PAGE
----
Europêche appoints Kathryn Stack as MD

26 Mar 2015
Kathryn Stack

Kathryn Stack

Europe’s fishing industry trade body, Europêche, has appointed Kathryn Stack, former senior policy adviser on fisheries policy in the European Parliament, as its new managing director.

The organisation says that this appointment signals fresh drive to communicate the modern face of the sector to the public and policymakers. Europêche is currently strengthening its activities to champion the sector and ensure its vital contribution to the economy, social fabric and food supply chain is fully recognised by EU policymakers.

Ms Stack said that tens of thousands of fishermen and their families rely on the fishing industry for work, millions rely on it for food and Governments across the continent rely on fishing to contribute to their economies – which means that the fishing industry has a greater impact than most people realise.

“For too long, the sector has struggled to make itself heard among the throng of newly-emerging environmental groups,” she said. “Fishing is a heavily regulated industry. The fishermen we represent have made huge strides in recent years, not only to comply with new European regulations designed to ensure the sustainability of fishing practices, but also to act proactively to safeguard stock levels and their own livelihood in the years to come. Ultimately, we are all striving towards the same outcome: to ensure resource protection. What is important is that regulation is reasoned and proportionate, based on proven science, good environmental practices and provides for the long-term sustainability of the sector. The current image of the EU fishing industry does not represent the reality of our fishing operations.”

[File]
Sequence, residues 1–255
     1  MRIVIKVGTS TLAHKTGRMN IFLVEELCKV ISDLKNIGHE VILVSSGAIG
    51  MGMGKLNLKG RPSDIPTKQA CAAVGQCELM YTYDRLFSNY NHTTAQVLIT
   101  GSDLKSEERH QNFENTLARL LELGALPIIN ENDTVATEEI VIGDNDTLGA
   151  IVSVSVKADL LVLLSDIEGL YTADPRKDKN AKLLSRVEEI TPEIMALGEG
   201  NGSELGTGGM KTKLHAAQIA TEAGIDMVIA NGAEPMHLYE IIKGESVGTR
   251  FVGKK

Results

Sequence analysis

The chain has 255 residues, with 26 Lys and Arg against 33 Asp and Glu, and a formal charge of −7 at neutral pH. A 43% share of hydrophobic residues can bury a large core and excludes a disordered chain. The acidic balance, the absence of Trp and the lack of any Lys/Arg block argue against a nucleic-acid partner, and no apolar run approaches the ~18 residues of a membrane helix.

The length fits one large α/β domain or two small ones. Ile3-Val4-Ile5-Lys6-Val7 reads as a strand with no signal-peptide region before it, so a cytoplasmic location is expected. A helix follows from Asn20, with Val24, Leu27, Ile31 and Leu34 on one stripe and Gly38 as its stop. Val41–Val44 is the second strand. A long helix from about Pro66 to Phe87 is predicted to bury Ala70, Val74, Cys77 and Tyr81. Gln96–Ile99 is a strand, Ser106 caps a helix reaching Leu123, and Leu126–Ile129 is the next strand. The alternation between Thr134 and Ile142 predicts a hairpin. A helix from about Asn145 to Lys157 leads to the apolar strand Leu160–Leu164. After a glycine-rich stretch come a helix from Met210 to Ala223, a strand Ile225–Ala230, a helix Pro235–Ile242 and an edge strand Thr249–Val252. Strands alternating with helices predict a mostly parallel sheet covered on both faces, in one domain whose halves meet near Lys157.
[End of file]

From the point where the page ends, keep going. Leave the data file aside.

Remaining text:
Europêche has 12 member organisations across nine countries, and represents 80,000 fishermen and 45,000 vessels within the EU fleet. These provide 48bn fish-based meals a year, injecting €41.3bn into the European economy.

The orgsanisation plays a leading role in ensuring the views of fishermen and the concerns of the industry are heard in the European Commission, Council and Parliament when setting policy and regulations. It is focused on supporting what it calls its ‘three pillars of sustainability’ – environmental, social and economic.

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